When Jodi Krause heard that the West Seattle bridge would be closed for repairs until 2022 — or longer — the Genesee Hill resident had one thought, she said.
Once restrictions on movement to contain the spread of the coronavirus are lifted, the bridge closure will turn her already hourlong commute — driving her son to school in Woodland Park and then zipping down to South Lake Union for her job at Amazon — into a “horrible” ordeal, she said.
“We either change his school. We deal with the commute every day. Or we move,” she said. “When we talked through those options, we felt that moving will be the least disruptive of the three.”
Nor is Krause alone among West Seattleites. Nearly 100,000 vehicles and 25,000 transit riders traveled across the ailing span of bridge every day. The closure is leading some to think of pulling up stakes and selling “before the reality sets in for what the commute is going to look like,” said Windermere broker Chad Dierickx, who said he’s been contacted by three clients since Wednesday morning, asking whether they should put their homes on the market.
It’s too soon to say precisely what the impact of the infrastructure debacle will be for West Seattle homeowners and businesses — or how to disentangle it from the economic pain caused by the coronavirus pandemic.
But both home and business owners may be protected to a certain extent by the fact that residents and visitors alike already see West Seattle as something of “an island,” close-knit and difficult to get to, said Sam Crowley, owner of the Fleurt Collective apparel and home goods boutique in Alaska Junction. A large portion of her business is already local: neighbors, and parents of her children’s friends.
Still, Crowley said, “My business no doubt will suffer.” She said that because of the business closure caused by the coronavirus, she’s applied for every government subsidy for which she’s eligible — so far, she’s received “not a dime.”
Lessons learned from transitioning to serve a community under a stay-home order as part of pandemic-control measures may help some businesses navigate the isolation imposed by the faulty bridge, said Lora Radford, executive director of the Alaska Junction Association. Those adaptations include a new emphasis on delivery and online orders.
Easy Street Records, for instance, started shipping vinyl after Amazon announced it was halting deliveries of nonessential items. The restaurant Lady Jaye has scaled back pricier offerings to focus on to-go meals for two, to better “target the neighborhood,” said co-owner Evan Carter.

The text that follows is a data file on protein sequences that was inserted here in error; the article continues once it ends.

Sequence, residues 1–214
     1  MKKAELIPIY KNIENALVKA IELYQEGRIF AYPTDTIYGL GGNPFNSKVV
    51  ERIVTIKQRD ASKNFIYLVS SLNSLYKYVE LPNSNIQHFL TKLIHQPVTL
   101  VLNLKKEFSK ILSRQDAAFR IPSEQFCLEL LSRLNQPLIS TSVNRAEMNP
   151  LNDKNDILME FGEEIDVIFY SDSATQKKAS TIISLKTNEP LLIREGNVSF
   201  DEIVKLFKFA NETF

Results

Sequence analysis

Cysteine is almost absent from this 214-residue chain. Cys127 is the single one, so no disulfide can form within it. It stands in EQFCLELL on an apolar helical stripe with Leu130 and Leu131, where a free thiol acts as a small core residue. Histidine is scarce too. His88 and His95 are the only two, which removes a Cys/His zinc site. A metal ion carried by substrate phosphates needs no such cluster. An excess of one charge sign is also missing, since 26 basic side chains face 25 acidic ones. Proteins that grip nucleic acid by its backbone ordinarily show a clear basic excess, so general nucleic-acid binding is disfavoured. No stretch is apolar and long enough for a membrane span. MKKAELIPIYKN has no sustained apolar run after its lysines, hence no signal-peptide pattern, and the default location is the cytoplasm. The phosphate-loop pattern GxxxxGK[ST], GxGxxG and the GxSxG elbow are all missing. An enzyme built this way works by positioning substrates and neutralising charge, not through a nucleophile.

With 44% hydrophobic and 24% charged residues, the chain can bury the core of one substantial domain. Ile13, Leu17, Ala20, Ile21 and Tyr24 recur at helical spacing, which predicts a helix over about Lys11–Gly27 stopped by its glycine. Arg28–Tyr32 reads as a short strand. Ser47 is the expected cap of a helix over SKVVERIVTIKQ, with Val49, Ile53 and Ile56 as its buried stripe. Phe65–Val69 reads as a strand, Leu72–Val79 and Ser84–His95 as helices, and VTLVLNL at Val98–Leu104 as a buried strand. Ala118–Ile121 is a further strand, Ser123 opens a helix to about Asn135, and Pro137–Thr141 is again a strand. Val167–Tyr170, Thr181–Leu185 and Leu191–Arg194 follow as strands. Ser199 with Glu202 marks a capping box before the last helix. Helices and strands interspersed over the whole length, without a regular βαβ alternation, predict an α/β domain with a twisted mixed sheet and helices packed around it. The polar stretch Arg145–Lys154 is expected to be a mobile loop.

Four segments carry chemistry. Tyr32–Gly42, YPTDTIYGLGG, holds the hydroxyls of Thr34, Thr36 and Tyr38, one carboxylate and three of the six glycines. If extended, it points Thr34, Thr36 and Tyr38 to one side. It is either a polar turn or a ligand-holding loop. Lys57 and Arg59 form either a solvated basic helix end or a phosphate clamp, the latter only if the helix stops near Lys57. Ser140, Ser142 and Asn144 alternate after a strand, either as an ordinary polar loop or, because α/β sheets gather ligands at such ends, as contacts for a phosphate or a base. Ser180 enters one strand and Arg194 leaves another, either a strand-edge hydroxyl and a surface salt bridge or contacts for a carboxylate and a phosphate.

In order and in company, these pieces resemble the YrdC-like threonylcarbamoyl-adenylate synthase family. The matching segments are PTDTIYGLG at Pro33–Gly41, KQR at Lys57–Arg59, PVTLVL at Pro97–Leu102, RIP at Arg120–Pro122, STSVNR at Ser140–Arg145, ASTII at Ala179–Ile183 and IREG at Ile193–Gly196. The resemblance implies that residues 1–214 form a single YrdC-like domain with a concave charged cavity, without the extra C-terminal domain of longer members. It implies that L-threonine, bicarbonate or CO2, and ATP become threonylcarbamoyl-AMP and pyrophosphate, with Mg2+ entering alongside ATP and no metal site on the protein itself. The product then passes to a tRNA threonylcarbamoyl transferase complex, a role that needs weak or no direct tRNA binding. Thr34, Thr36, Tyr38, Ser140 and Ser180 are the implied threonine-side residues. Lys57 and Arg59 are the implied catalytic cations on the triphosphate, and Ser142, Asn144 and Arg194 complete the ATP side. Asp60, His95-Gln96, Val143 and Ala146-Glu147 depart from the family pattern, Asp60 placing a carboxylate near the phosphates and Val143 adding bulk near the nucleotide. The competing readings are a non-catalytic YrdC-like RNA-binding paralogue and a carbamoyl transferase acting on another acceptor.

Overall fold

Similar trends hold true in the realm of real estate. West Seattle’s relative remoteness from the rest of the city is a draw for many homebuyers, who appreciate the district’s Sound views and quiet streets. Meanwhile, employees already working from home may not see much wrong with living in a now-more-remote West Seattle.
“A lot of West Seattle started on the telecommute bandwagon when they took the viaduct away,” said John L. Scott broker Bill Reid, a longtime West Seattle resident. The Alaskan Way viaduct was closed in early January last year; the new tunnel linking West Seattle to Belltown and South Lake Union didn’t open for another month.
“Given this pandemic, we’ve all been forced into it at a very rapid pace. It’s opened that door already.”
Recent housing-market data certainly suggest home sales activity is down in West Seattle, but it doesn’t do much to resolve the question of how the bridge closure could affect future prices, apart from the pandemic.
The bridge has been closed for inspection since March 23, after diagonal cracks in the hollow concrete girders beneath the bridge deck grew two feet in two weeks.
The same day, Gov. Jay Inslee instituted a statewide stay-at-home order restricting travel and mandating that most employees who are able to work remotely do so.
Pending sales in West Seattle fell from an average of 38 per week in the first three weeks of March to 20 in the weeks ending March 25-April 8, according to Northwest Multiple Listing Service data provided by Windermere. That tracks roughly to citywide trends.
But there’s some evidence that home shoppers place a premium on living closer to the city center. A 2018 Zillow study found that a typical home 40 minutes away from Seattle’s downtown core cost nearly 50% less than the same home 15 minutes from downtown — though there are plenty of reasons living close to the city center can be more desirable and expensive.
Similarly, home prices in West Seattle consistently lag other neighborhoods. A typical West Seattle home sold for $694,500 in March, compared to $1.2 million in closer-in view neighborhoods such as Queen Anne and Magnolia.
West Seattle’s affordability was a big draw for Cassidy and Cory Townsend, who bought their first home last year in West Seattle’s Fairmount Park neighborhood. Cory, the regional development director for the Alzheimer’s Association, now faces a “challenging” commute to Lynnwood two days a week once stay-at-home restrictions are lifted.
They expect their property value to drop in the near term, but they’re not unduly worried about that. “We’re not living in West Seattle as a short-term investment,” Cory said.
It’s the reason behind the potential value drop that makes the couple audibly wince at mentions of the bridge closure.
“We certainly don’t want to see a depreciation because of a lack of investment in infrastructure,” he said.